Browsing: GBP USD Forecast

GBP/USD declined by 1.2% last week, suffering its worst week since late September. The upcoming week is busy, including GDP and inflation reports. Here is an outlook for the highlights of the upcoming week and an updated technical analysis for GBP/USD.

British PMIs are pointing to an economy in trouble. Construction PMI came in at 44.2, which points to contraction. Services PMI improved to 50.0, which separates contraction from expansion. The Bank of England maintained rates at 0.75%, but what was notable was that two of the nine MPC members voted to lower rates. The BoE does not want to make any moves ahead of the December election, but analysts are predicting more rate cuts in 2020.

In the U.S., there was good news from the services sector, which continued to show expansion in October. Services PMI improved to 54.7, above the estimate of 53.5 points. The UoM Consumer Sentiment index dipped to 95.7, shy of the forecast of 97.0 points. There was a significant development on the trade front, as a Chinese report stated that the U.S. and China had agreed to phase out tariffs. However, no timetable was given.

GBP/USD daily graph with resistance and support lines on it. Click to enlarge:

  1. Preliminary GDP: Monday, 9:30. The economy contracted by 0.2% in the second quarter, but a rebound is expected in Q3, with an estimate of +0.2%.
  2. Manufacturing Production: Monday, 9:30. The manufacturing sector has been struggling and manufacturing production fell by 0.7% in August, compared to a forecast of +0.1%. Another weak release is expected in September, with an estimate of -0.2%.
  3. UK Jobs Report: Tuesday, 9:30. Wage growth remains strong, but slipped to 3.8% in August, down from 4.0% a month earlier. No change is expected in the August release. Unemployment rolls slipped to 21.1 thousand in September, marking an 8-month low. The estimate for October stands at 24.2 thousand. The unemployment rate is projected to remain steady at 3.9%.
  4. UK inflation: Wednesday, 9:30. CPI was unchanged at 1.7% in September, shy of the BoE’s inflation target of 2.0%. The indicator is expected to tick lower to 1.6% in the upcoming release.
  5. Retail Sales: Thursday, 9:30. Retail sales have been soft in recent months. The indicator came at zero in September, pointing to a stall in consumer spending. The estimate for October stands at 0.2%.
  6. CB Leading Index: Thursday, 14:30. The index, which is based on 7 indicators, declined 0.5% in August. We will now receive the September release.

GBP/USD Technical analysis

Technical lines from top to bottom:

With GBP/USD dropping sharply last week, we start at lower levels.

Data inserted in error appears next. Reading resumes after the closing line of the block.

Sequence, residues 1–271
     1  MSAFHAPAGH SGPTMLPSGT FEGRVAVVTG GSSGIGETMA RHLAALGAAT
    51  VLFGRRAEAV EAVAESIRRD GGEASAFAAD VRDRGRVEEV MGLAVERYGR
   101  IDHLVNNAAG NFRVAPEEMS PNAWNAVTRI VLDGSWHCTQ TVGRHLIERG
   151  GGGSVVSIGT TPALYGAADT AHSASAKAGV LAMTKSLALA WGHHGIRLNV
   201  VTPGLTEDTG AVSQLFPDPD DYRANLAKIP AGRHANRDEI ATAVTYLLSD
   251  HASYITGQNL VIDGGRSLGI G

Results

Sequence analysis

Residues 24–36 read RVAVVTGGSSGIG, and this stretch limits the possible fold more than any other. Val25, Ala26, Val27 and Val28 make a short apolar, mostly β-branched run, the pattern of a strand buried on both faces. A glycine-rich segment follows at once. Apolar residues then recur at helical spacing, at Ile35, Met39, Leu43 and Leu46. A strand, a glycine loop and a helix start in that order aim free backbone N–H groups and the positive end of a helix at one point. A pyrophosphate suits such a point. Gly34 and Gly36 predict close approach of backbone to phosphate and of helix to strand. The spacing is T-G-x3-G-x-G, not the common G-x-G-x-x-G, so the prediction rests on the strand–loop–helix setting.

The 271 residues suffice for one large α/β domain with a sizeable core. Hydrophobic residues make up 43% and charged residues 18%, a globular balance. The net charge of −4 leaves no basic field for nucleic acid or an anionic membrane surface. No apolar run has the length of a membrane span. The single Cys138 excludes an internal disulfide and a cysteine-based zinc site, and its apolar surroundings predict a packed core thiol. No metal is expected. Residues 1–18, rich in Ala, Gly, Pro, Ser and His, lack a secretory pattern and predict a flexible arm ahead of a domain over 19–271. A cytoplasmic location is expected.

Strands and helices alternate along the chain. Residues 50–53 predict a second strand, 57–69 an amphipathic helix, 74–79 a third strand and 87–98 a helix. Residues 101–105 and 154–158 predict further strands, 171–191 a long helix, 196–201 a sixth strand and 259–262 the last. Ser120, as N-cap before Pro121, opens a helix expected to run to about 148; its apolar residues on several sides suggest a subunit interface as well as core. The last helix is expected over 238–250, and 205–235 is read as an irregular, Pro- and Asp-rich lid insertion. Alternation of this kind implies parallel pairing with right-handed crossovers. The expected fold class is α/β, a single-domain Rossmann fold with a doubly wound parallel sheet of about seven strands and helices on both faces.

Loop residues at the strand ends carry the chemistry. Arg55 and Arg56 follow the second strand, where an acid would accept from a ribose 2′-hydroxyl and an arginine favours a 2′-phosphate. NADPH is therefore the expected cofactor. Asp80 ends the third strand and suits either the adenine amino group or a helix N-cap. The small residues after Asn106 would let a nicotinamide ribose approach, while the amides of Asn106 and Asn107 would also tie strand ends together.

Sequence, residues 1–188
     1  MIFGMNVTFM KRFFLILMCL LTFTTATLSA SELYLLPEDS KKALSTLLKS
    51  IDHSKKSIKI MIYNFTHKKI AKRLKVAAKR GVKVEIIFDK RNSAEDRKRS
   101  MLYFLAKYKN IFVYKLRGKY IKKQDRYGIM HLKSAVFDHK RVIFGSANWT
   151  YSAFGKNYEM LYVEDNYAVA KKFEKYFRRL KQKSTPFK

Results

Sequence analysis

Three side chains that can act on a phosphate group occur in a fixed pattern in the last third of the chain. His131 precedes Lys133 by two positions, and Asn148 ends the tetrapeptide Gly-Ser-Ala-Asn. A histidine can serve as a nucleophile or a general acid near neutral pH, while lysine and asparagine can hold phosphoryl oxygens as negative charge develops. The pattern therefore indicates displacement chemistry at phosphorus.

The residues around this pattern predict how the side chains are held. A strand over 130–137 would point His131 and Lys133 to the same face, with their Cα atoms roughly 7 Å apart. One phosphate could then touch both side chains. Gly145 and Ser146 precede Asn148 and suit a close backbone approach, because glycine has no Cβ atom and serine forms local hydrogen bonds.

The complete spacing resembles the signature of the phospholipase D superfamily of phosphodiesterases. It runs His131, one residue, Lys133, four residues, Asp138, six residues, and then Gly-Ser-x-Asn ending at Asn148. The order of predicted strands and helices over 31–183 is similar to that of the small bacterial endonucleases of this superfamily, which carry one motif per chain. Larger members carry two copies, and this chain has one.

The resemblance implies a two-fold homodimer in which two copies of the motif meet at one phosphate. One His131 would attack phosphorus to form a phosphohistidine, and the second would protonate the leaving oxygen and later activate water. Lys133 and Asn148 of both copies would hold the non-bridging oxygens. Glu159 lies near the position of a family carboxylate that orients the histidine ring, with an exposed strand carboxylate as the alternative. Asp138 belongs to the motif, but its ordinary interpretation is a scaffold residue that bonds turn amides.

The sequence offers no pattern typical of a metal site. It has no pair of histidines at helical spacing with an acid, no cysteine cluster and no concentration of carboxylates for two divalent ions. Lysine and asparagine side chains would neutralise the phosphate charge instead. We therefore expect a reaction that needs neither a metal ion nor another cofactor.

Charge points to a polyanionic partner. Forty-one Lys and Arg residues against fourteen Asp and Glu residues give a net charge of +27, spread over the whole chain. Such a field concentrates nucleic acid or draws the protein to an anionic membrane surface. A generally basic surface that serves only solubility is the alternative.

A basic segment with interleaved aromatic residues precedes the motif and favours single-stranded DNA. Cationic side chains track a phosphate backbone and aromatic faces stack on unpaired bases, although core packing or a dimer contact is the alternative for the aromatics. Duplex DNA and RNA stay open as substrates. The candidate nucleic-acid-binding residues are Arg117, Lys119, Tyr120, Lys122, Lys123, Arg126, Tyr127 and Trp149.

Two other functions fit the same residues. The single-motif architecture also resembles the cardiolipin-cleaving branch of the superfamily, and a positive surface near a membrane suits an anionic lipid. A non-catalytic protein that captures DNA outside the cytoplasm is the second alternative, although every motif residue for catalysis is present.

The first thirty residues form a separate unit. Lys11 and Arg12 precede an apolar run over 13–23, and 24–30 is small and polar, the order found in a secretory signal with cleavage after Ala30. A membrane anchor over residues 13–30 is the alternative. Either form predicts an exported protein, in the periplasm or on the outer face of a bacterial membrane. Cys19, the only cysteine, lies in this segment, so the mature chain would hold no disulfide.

We start with resistance at 1.3170.

1.3070 was a high point in November 2018.

The round number of 1.3000 has held since mid-October. This is followed by 1.2910.

1.2850 has some breathing room in resistance.

1.2728 has held in support since mid-October.

1.2616 (mentioned last week) is next.

1.2535 switched to support during a strong rally by GBP/USD in mid-October.

1.2420 is the final support line for now.

I am bearish on GBP/USD

A looming election and the shadow of Brexit means that sentiment towards cable is not particularly high at the moment. Any weak British numbers this week could cause the pound to lose more ground.

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GBP/USD Forecast and technical analysis ► preview of the main events that move the British Pound (Sterling), and especially pound/dollar (cable) during the week. Here are some general data. Scroll down for the latest GBP/USD outlook

Pound/dollar characteristics

GBP/USD is a major pair and certainly one of the first to emerge in modern trade. Its nickname “cable” originates from transmitting the exchange rate over the telegraph cable between the UK and the USA in the 19th century.

Above average volatility characterizes pound/greenback trading. In comparison to other major pairs, stop-loss orders are usually placed at wider margins.

Another tidbit of Sterling trading is that the pair “front-runs” economic publications from Great Britain. We usually see a significant market movement ahead of a release. Leaks, rumors, or sheer nervousness move GBP USD

The pound is a moderate “risk” currency. When the global mood is positive, GBP often gains against the dollar, albeit usually not at the same magnitude as commodity currencies. When markets become risk-averse, Sterling is on the retreat.

Brexit talks and GBP/USD

The biggest market mover of GBP/USD is the surprising decision of voters in the United Kingdom to leave the European Union. This unprecedented move shook up  Her Majesty’s currency. Brexit has sent Pound/USD to levels last seen in 1985 and despite the recovery, Sterling still suffers.

The economy did well in 2016, before and after the EU Referendum, but it slowed down in 2017. On the other hand, the weak pound pushed inflation above the rises in wages. The Bank of England decided to raise rates in November 2017 but clarified it is a one-off. Mark Carney and his colleagues foresee only two hikes in the next three years.

Brexit negotiations were deadlocked for quite some time, but fresh hopes help the pound stabilize. PM Theresa May may agree to pay the high “divorce bill” that the EU demands.

Latest weekly GBP/USD forecast:

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